3. Session C: Lower

The plan is to start with Session A. If client is regular and on time he proceeds with Session B and then C. But, if he “breaks the chain” he restarts at Session A. This way we take his unpredictability into account and make sure we don’t follow the plan blindly and cover what can be covered (making sure these are the “Big Rocks”), while working on this attendance/accountability. Besides repeating the same session every time he breaks the cycle can make one more motivated to be regular. Or quit. PT can take this risk into account when planning and make two or three versions of Session A, while still covering “Big Rocks”.

My friend in T&F can use similar approach. Suppose we are talking about a sprinter that you never know when and if he is coming to practice. So here is example of planning:

  1. Session A: Sprint/Acceleration (distance varies according to longer cycle plan- long-to-short, or short-to-long progression, or both)
  2. Session B: Speed Endurance/Special Endurance/Plyometrics
  3. Session C: Strength Training
  4. Session D: Extensive Tempo
  5. Session E: Active Recovery and Modalities

The point is the restart the cycle every time the athlete breaks the chain – assuming that the break is due lack of accountability and external factors and not due too much training (biology). Dan Pfaff uses similar 3-day roll-over cycle and allows active recovery between them.

3. In team sports it is tricky to make any long term plans and nice cycles (e.g. Strength -> Power -> Endurance). Why? First off, we are dealing with 20+ athletes. Some of those athletes are starters, some are reserves and some are injured/not traveling. And these groups are dynamic, so the plan needs to take into account this fact. With longer nice cycles we risk that players might get off/on the cycle at random time. Yes, these “block training” concepts are biologically sound, especially in individual sports and sports where we can control the environment more (or environment is more stable), but with team sports and hectic competition calendar they are pretty much useless (even if they are biologically more optimal).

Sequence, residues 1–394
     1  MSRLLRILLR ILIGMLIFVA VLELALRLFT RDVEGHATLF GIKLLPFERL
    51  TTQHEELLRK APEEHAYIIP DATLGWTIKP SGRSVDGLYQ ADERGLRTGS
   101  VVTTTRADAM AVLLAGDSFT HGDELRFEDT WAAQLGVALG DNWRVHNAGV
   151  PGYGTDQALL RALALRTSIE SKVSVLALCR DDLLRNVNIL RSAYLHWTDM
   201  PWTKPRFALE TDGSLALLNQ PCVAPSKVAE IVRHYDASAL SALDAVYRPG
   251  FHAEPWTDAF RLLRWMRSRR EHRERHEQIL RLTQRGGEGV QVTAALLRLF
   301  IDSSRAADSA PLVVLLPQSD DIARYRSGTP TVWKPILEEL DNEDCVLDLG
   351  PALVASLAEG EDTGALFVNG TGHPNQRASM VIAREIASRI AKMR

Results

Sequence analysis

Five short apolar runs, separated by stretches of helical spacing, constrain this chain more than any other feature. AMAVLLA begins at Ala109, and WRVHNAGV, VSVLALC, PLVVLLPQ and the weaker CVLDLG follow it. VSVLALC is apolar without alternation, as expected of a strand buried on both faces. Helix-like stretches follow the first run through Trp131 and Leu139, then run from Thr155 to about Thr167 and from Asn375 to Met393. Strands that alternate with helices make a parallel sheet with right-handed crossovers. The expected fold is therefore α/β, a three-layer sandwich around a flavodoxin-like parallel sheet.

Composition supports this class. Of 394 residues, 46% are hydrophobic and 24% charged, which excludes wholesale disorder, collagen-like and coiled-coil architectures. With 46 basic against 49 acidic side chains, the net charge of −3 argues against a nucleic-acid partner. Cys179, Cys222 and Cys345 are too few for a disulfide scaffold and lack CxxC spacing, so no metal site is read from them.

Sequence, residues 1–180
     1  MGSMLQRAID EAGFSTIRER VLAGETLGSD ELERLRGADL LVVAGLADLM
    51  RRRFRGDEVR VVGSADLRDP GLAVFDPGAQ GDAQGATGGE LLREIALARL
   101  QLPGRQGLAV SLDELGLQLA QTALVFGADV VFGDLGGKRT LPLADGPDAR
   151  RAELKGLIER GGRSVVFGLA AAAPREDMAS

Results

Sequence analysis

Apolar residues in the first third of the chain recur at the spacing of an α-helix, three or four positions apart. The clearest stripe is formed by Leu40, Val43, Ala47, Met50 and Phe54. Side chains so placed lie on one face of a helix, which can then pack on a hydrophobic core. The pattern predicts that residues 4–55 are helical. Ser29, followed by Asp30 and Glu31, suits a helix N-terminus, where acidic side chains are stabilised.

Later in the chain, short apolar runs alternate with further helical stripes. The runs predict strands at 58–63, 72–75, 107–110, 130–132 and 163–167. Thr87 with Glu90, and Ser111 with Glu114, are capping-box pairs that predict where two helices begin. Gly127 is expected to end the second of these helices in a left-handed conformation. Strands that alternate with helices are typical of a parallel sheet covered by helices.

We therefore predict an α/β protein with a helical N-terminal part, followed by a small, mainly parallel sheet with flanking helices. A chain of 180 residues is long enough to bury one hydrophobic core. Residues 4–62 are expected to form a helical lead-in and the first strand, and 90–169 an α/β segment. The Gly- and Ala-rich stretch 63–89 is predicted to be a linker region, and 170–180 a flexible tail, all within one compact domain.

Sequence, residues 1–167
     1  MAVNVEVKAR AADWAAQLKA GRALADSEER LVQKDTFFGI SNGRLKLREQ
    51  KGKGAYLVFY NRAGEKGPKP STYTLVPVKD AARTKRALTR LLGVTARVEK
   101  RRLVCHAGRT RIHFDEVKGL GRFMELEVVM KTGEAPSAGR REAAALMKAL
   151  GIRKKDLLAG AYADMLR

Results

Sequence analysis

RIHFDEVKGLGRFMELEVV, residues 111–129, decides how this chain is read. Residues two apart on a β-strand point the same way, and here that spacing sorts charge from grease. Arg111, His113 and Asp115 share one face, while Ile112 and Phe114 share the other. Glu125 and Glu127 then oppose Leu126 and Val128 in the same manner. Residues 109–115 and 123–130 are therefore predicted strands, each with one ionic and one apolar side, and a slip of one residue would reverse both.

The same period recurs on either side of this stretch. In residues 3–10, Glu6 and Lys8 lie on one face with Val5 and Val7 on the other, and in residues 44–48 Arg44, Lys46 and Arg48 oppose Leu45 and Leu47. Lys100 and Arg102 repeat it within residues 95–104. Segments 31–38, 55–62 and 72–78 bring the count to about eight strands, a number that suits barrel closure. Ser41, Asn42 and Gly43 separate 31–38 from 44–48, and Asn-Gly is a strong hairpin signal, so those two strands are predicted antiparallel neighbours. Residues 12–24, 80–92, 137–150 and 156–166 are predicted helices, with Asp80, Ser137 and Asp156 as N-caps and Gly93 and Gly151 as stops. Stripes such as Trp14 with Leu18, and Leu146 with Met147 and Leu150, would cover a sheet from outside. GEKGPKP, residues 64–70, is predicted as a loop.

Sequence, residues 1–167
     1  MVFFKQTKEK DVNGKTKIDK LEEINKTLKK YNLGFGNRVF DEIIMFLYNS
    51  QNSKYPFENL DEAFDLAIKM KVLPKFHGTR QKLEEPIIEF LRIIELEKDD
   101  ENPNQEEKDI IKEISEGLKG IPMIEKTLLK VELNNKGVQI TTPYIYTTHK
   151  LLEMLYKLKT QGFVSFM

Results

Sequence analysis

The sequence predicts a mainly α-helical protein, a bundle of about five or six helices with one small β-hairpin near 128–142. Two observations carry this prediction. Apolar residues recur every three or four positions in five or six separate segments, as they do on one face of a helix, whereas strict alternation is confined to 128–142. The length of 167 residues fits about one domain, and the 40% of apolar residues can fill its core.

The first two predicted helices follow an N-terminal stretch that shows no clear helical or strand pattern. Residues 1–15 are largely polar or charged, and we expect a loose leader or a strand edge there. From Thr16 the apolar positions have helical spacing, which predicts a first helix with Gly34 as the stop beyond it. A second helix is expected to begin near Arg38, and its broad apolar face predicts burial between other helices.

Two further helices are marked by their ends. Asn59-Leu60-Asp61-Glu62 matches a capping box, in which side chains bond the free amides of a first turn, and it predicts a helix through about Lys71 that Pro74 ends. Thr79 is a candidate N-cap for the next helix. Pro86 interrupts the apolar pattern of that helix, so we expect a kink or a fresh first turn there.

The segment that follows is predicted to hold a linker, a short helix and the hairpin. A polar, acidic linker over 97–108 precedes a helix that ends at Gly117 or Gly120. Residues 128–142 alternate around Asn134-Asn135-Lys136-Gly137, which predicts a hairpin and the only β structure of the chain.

What happens when you have athlete getting injured and stopping during your “Hypertrophy phase” and returns to “Explosive” phase, completely missing “Max Strength” phase? How do you re-introduce him to training and the group? What happens when your older players come later to pre-season camp or training phase? How do we take this into account? Or if some of our players are sent to National Team for a week during our pre-season phase and we have no clue nor control what they are doing there? How do we prepare them for that and how do we re-introduce them to our program. Using “traditional” planning will break havoc on your mental health, since you would need to juggle 30+ plans and try to merge them to something doable. Hence, even if not biologically optimal, more Agile plans can help in these VUCA situation.

What happens if your team changes head coach/manager and so forth? In my opinion, training plans should take these elements into account and not only be based solely on biological optimums and training theory.

Make sure to check Agile Planning in Sports Training screencast if you haven’t already and please be free and share some of your thoughts.

I am a physical preparation coach from Belgrade, Serbia, grow up in Pula, Croatia (which I consider my home town). I was involved in physical preparation of professional, amateur and recreational athletes of various ages in sports such as basketball, soccer, volleyball, martial arts and tennis. Read More »